It was about a year into the new track project before anyone at U-32 knew the track was going to be red. The contract for the track is 395 pages, bound in a bid book that’s about an inch and a half thick. The color was only mentioned in tiny print on one line, on one of the last pages.
By the time U-32’s administration learned about the red track they couldn’t change the color because it was too close to the date that Conica, the subcontractor hired to finish the rubberized surface for the track, was supposed to come, and Conica didn’t have black material. Now Conica’s not coming till May. U-32 should be able to get a black track after all, but now the track team may not have a place to run for the beginning of their season.
U-32’s million-dollar track project has taken some twists and turns. Though some of the rumors among students are unfounded, there is still some uncertainty about what it all means for next spring.
There has been a lot of talk about the track amongst students at U-32. On a recent day in the Senior Lounge students shared their opinions.
One student voiced a common view.
“I think the track is a waste of money.”
Others complained about spending money on the track when the math white table position and other positions were cut:
“We want Jim back”
“I thought we had to fire people, for the new track”
In fact, U-32 has been planning the new track for about 5 years. Each year the school maintains what’s called a “capital fund,” which is spent on maintaining U-32’s facilities. This summer the capital budget was spent on three projects. The track is the big one, however, U-32 also replaced the vent hood that goes over the ovens in the kitchen and replaced the elevator in the atrium.
For years U-32 hasn’t spent the full 500,000 dollars that is in the budget. U-32 administrator Amy Molina has a major role in overseeing the track project.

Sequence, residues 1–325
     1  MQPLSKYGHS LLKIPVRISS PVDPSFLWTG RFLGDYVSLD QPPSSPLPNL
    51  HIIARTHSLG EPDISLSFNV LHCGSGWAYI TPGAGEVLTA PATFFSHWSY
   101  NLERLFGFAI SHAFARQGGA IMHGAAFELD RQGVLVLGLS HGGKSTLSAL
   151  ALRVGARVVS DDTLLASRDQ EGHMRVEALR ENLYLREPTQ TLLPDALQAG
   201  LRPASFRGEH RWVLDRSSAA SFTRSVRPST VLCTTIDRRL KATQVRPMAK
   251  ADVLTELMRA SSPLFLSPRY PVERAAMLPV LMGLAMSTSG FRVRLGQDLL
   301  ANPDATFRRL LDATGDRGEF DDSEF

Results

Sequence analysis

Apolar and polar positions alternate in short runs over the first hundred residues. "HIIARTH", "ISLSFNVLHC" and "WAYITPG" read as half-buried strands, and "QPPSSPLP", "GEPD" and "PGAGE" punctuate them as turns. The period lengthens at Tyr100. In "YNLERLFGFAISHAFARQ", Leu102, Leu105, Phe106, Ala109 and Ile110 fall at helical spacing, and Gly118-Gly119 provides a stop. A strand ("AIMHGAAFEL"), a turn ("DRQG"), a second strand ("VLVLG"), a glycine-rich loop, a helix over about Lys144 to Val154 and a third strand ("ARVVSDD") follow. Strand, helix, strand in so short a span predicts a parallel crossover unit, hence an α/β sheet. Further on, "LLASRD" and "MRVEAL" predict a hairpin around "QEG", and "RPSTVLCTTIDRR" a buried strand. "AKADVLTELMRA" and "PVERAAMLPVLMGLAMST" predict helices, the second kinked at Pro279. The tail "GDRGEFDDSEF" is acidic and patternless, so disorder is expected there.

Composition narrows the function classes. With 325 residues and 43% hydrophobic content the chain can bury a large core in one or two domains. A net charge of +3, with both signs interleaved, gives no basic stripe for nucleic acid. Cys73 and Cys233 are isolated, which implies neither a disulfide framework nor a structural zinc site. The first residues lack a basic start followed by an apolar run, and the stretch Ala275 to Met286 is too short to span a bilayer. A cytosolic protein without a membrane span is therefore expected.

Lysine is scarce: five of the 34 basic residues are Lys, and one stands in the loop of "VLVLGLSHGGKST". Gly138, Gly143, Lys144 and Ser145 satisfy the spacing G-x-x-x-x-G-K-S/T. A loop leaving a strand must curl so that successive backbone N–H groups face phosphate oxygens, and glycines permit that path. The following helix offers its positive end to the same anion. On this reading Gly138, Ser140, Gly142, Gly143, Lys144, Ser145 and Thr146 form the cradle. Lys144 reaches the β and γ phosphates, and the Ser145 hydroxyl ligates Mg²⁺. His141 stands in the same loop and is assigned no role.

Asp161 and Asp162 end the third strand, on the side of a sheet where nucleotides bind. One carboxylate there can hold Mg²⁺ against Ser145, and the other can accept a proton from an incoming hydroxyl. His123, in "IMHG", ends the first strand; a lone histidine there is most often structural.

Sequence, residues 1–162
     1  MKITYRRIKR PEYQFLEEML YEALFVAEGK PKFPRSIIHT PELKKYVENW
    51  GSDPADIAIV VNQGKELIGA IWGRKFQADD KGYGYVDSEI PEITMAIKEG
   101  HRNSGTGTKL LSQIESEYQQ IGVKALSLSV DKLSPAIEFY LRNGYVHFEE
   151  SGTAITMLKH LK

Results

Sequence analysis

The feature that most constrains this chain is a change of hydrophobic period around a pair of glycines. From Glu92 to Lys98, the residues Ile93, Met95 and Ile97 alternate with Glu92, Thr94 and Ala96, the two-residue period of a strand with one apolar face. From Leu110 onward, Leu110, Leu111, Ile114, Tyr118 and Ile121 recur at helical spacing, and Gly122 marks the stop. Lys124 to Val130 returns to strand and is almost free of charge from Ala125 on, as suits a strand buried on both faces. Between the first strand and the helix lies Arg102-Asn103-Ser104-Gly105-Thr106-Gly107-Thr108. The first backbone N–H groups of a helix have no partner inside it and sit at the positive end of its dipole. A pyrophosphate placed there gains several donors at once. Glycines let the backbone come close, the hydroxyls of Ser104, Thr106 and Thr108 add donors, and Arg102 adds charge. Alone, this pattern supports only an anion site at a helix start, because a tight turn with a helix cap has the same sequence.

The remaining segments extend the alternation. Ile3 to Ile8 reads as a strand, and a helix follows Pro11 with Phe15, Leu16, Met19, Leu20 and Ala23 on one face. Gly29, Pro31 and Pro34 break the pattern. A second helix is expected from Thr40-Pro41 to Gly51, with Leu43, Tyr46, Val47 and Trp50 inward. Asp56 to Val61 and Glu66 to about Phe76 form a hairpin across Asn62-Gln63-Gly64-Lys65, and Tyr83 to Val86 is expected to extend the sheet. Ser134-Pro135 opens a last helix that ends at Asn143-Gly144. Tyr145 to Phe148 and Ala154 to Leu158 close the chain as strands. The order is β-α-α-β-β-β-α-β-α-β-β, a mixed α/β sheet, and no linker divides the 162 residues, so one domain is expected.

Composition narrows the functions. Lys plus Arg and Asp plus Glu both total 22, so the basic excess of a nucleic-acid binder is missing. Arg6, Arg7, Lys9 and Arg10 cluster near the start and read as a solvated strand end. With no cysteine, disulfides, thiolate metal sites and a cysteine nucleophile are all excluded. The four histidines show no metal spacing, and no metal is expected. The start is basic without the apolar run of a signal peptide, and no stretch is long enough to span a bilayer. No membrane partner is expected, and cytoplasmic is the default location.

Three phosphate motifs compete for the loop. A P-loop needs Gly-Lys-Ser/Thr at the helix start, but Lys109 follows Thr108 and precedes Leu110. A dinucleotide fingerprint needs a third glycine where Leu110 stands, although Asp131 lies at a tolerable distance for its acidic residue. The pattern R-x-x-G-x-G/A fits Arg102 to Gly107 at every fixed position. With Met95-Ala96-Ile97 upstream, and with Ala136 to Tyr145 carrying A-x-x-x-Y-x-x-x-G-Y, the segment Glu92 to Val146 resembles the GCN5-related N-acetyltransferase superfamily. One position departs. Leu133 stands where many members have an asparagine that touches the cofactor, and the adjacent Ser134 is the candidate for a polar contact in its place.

“We would have maybe only spent around 400,000 or 350,000 of it,” she said. “Whatever was left over that we didn’t spend went into the track budget.”
Another rumor was that there was no reason for the track to be replaced.
“The hard part about the track was that it looked like it was fine,” Amy said. “but it really was not.”
A company came and took core samples all over the track. Steven Dellinger-Pate, U-32’s principal said that “In some places the track was fine, but in others there was no support under the rubber.”
This was happening because the drainage under the track was not set up right. Amy Molina said that our campus is placed on top of a lot of clay, making it hard for drainage. Water runoff was flowing under the track and washing out layers, making the track hollow in some places.
Putting in a new track isn’t as simple as it may sound. Because of the damage to the old track they had to put drainage rocks down so the new track won’t end up like the old one. Then they had to pave over the rocks that were placed.
Then came the waiting game.
After they put they pavement down they had to wait for the oil in the pavement (petroleum) to rise to the surface and be washed off by rainwater or the sun to dry it up. If they didn’t wait for this to happen, the rubber layer wouldn’t stick to the pavement.
From start to finish, the rubber being placed will take a total of 21 days, and they can’t put the rubber down if it’s below 40 degrees or if it’s raining, which is a problem in Vermont in October. Due to the weather Conica will not warranty the track if they came this month. Making it so they won’t be able to finish the track till spring of 2020.
The track being put in later means the track and field team will not be able to run on it until it’s finished. On the bright side, football and soccer teams can start playing their games on the field, something that the seniors were not going to be able to do.
“It sucks,” sophomore track runner Quinn Olney said, “but in the long run it will be better for the people that use the track.”
For more information about the track check out the Times Argus article: